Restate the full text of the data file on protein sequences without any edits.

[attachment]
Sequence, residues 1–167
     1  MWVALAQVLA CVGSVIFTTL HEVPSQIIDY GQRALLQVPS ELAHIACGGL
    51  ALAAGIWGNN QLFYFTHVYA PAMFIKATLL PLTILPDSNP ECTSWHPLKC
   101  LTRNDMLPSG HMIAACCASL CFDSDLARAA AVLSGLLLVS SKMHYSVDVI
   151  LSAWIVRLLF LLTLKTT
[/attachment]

Sequence, residues 1–167
     1  MWVALAQVLA CVGSVIFTTL HEVPSQIIDY GQRALLQVPS ELAHIACGGL
    51  ALAAGIWGNN QLFYFTHVYA PAMFIKATLL PLTILPDSNP ECTSWHPLKC
   101  LTRNDMLPSG HMIAACCASL CFDSDLARAA AVLSGLLLVS SKMHYSVDVI
   151  LSAWIVRLLF LLTLKTT